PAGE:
Coming from the academic world with certain prejudices about profit-making organizations, I was surprised and genuinely intrigued to discover this. I had not expected self-interest to be so consciously enlightened. But mutuality is a moral prerequisite for business activity. Unless shared interest can be discovered and regularly honored between customer and supplier, employer and employee, manufacturer and consumer, management and shareholders, the business goes sour. The economic circuit is broken.

In the recent scandals, the law is moving to punish those who have acted unlawfully, but the marketplace is exacting its own punishment -- imposing, arguably, a higher standard. For law breaking, executives can be jailed, but it only takes the taint of unethical behavior for whole corporations to be devoured, their economic and social value cut in half or reduced to zero.

What does a liberal education have to say about character and the ethical testing that life presents at every turn? For me the answer lies in the epic accounts of Homer and Spenser, in the comedies of Shakespeare and Austen, in the narratives of Tolstoy and James. The great aim of the liberal arts, as I was told as a college freshman, is knowledge of oneself. There is no higher wisdom to which we can aspire, nor more useful knowledge that we can possess.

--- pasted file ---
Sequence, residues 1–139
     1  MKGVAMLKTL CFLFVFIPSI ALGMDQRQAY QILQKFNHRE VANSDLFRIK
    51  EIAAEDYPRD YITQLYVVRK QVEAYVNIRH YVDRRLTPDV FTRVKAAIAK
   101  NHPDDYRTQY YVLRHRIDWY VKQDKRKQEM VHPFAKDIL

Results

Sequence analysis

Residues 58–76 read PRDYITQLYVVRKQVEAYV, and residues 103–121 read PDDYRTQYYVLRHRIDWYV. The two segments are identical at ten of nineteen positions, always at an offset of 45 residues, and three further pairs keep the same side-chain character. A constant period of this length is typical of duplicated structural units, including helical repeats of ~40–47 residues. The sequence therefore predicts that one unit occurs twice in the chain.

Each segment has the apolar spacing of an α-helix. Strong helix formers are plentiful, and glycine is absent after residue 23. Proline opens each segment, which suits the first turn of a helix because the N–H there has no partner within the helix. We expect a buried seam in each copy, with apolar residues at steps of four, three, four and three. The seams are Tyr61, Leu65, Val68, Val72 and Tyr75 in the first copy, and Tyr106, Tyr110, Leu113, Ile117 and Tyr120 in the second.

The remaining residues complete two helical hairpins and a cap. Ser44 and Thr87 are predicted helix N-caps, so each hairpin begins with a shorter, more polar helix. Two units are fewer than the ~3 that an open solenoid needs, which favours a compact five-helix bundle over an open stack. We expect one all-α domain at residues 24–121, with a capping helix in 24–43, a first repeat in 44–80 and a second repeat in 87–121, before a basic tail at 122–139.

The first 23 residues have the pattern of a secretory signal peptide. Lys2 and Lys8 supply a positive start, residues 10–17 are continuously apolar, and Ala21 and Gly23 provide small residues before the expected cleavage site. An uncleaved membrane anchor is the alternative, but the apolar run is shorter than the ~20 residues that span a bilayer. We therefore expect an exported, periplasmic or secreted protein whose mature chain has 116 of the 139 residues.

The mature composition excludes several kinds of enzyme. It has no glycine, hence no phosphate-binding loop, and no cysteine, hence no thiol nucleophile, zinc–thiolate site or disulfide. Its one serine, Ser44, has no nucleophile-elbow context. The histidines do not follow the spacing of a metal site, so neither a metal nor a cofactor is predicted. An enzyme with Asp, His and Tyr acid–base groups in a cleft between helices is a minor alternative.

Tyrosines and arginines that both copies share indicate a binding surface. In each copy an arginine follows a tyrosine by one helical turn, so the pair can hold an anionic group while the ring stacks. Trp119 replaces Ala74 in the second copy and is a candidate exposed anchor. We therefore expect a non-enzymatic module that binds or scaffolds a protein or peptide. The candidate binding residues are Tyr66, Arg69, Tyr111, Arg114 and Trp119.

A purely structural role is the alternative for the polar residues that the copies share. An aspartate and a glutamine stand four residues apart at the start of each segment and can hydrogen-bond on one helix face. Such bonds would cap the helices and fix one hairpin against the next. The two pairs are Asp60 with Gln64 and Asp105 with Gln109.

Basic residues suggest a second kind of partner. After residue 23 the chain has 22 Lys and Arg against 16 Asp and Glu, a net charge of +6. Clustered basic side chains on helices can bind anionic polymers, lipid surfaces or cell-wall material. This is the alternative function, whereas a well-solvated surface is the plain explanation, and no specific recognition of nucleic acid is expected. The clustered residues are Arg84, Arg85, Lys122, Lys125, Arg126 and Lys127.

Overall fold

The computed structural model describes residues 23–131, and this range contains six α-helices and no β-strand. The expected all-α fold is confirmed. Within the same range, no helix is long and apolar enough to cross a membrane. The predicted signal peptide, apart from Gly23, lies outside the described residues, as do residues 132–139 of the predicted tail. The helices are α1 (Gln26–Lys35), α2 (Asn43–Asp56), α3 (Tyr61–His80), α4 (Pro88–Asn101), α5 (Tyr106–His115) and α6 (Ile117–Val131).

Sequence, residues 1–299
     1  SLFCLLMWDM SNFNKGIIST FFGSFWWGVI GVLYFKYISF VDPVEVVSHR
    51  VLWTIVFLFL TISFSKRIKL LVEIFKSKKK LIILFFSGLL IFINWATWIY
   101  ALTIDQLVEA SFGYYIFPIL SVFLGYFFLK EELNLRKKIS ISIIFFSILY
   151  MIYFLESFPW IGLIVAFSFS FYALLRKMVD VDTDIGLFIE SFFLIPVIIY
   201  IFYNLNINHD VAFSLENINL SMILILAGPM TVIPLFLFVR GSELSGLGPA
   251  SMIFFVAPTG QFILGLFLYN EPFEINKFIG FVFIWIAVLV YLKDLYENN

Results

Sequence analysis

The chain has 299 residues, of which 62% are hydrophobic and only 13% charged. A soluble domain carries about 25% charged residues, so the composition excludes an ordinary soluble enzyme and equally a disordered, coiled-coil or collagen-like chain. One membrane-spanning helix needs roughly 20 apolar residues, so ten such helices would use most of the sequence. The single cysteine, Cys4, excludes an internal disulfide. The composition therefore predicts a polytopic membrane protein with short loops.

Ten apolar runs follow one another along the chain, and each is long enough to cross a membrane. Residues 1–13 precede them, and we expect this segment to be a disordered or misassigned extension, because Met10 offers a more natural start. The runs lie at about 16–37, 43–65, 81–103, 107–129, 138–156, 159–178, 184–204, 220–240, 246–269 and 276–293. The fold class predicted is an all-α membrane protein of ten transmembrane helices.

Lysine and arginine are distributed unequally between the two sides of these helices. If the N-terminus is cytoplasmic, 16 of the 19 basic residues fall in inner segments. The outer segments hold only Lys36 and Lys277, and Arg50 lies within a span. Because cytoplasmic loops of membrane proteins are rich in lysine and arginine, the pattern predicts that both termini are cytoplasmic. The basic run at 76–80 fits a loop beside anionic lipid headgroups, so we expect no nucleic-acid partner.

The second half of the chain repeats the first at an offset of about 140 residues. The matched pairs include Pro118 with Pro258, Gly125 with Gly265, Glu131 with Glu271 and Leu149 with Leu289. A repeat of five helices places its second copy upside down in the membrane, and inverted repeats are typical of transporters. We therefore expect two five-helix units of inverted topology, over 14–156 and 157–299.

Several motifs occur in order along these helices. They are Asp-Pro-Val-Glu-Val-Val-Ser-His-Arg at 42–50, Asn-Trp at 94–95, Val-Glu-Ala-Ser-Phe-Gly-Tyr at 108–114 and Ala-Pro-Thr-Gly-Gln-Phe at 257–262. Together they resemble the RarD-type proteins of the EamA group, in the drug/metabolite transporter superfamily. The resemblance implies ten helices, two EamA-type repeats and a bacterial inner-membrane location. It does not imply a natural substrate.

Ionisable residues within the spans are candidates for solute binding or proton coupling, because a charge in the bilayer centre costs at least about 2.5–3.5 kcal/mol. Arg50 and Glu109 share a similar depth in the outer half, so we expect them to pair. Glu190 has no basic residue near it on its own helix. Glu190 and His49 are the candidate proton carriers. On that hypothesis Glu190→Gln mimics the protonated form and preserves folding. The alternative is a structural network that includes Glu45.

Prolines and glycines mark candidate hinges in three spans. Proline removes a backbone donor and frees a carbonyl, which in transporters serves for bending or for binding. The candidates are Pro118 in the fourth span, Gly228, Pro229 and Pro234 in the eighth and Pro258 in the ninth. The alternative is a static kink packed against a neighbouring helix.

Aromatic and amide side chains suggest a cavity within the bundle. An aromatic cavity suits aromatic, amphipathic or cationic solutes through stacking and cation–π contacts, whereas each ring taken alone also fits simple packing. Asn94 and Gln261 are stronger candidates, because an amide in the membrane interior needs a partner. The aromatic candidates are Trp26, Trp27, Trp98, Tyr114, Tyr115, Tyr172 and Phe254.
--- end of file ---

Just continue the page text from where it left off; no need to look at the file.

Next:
This article originally appeared in The Chronicle Review. Peter Fellowes '66 is president of Fellowes, a manufacturer of consumer-electronics accessories and office products.